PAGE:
My relationship with my body is… hmmm. If there’s one thing that has been more clear to me during these past few years, its that my understanding of my body has grown in ways I could never quantify. I could try for the purposes of this blog post, but the reality is that the level of ownership I’ve chosen to take of who I am and what defines me is the one thing I’m most grateful for, here.
You know that saying, it goes somethin’ like “In order to know where you’re going, you have to know where you’ve been?” I’d also stand to argue that “In order to appreciate where you are, you have to understand where you were.” Where I was as a woman is so far removed from who I am today that I look back on my past with tears in my eyes… not because I have pity, but because I know the pain that this woman will have to endure in order to turn into the person I am today.
Feminism, to me, is about allowing women the space to be who they are free of gendered expectations, free of stereotype, free of gendered limitations. I know that a lot of women may turn their noses up at feminism as something that man-haters do, but my eventual embracing of feminism wasn’t born of a desire to hate men. It was borne of a journey that came from learning to love myself and, at the same time, hate the societal standards that prevented me from doing so.
When I first started working out, I struggled with the idea of entering a space that wasn’t very welcoming to women… and that was the weight lifting area. It’s hard to enter a space where you see no one who looks like you – my gym had very little to offer in the way of Blacks, women, or Black women entirely – and make yourself at home, because you consistently wonder if there’s something that intentionally keeps you away from doing so. (Notice how much this sounds like seeing persons of color in any medium, and how difficult it must be to be the first to transcend this.) You eventually realize that yes, there is something that intentionally keeps women out of the weight lifting area: a general societal understanding that women aren’t supposed to be strong. That muscles are the realm of men, and having them would make a woman look… manly. Femininity, as defined by people who aren’t, ostensibly, female… doesn’t include muscles. It was a gendered expectation that was preventing me from becoming my more fit self, and it frustrated me to no end.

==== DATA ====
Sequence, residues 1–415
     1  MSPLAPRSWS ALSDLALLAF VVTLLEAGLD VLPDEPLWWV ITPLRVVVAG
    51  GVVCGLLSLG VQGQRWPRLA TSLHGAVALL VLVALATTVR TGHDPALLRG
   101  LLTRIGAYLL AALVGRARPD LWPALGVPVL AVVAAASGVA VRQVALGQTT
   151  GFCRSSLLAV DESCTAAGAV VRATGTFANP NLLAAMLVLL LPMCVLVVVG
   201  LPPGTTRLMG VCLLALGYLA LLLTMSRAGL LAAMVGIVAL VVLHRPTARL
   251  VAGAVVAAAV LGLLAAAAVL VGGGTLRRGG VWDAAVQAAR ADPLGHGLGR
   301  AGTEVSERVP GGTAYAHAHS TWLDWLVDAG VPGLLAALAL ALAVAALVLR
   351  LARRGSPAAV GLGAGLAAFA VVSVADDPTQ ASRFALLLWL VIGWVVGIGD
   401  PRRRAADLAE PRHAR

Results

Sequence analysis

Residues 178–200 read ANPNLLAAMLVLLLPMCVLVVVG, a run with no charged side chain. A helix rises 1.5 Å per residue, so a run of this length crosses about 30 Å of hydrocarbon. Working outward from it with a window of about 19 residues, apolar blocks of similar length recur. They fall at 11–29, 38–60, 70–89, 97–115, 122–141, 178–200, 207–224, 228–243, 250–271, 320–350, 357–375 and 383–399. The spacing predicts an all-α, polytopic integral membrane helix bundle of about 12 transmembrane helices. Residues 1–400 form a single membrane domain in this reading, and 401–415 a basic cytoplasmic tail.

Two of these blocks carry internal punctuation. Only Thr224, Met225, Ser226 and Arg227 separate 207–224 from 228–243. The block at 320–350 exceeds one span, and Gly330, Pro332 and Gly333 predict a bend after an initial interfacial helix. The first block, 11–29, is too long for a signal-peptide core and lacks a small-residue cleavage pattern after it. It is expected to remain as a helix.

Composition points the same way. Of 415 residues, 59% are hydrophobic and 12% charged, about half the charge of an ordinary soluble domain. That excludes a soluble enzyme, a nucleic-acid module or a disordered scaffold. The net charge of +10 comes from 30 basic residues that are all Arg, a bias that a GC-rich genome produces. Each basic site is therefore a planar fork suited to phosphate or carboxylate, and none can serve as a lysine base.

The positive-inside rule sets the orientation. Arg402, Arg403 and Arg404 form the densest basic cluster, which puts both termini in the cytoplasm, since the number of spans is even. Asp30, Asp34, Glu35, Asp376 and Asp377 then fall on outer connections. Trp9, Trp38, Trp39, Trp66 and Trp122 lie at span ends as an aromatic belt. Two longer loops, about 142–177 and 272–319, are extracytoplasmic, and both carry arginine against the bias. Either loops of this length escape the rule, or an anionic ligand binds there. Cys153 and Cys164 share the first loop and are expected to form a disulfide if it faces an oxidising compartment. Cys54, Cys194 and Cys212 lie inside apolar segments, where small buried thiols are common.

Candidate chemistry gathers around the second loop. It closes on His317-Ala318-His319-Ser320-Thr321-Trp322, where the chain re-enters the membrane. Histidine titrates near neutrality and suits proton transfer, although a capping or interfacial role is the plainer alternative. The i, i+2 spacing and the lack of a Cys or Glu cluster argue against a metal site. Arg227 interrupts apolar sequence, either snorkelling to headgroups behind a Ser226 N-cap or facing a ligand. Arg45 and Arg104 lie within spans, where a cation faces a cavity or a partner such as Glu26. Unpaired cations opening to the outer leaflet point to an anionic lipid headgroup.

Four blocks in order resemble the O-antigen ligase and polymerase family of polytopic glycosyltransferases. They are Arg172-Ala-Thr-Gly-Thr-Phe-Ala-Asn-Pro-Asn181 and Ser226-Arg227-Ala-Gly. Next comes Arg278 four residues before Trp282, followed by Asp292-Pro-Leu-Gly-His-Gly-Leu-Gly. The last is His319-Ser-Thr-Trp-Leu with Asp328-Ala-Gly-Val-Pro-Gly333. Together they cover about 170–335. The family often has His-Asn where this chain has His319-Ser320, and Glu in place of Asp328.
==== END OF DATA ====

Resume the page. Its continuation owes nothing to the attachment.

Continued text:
Then, I moved on from working out to focusing specifically on food… and the expectation is that I’d starve myself. I’d sustain on carrots and diet coke. That’s what women do. They starve themselves and deprive themselves… and when they’ve starved themselves down to nothing and have suffered enough, maybe then I’d have earned the right to male attention. It’s just what women do to lose weight. Heaven forbid that I eat real food and enjoy myself. I, a woman, couldn’t have a sensible relationship with food. By virtue of being a woman who was changing her relationship with food, I had to be starving myself. It needed to be reinforced that I’d diet myself down to nothing.
The expectation, once I’d lost a respectable amount of weight, was that I’d done so by dieting. (Y’all know that dieting and I don’t get along worth a damn.) Dieting is just what women do. You hate food for making you fat. You fear food because it makes you fatter. You avoid food because you don’t want to be fat. You turn “fat” into a loaded term… you turn against yourself and hate yourself for having fat (news flash: even athletes have fat), you cringe when you see “fat people” enjoying their lives because you can’t enjoy yours because, well, you’re too busy being fixated on fat. It’s just the cycle that women go through. By virtue of being a woman, you’re expected to engage in this cycle.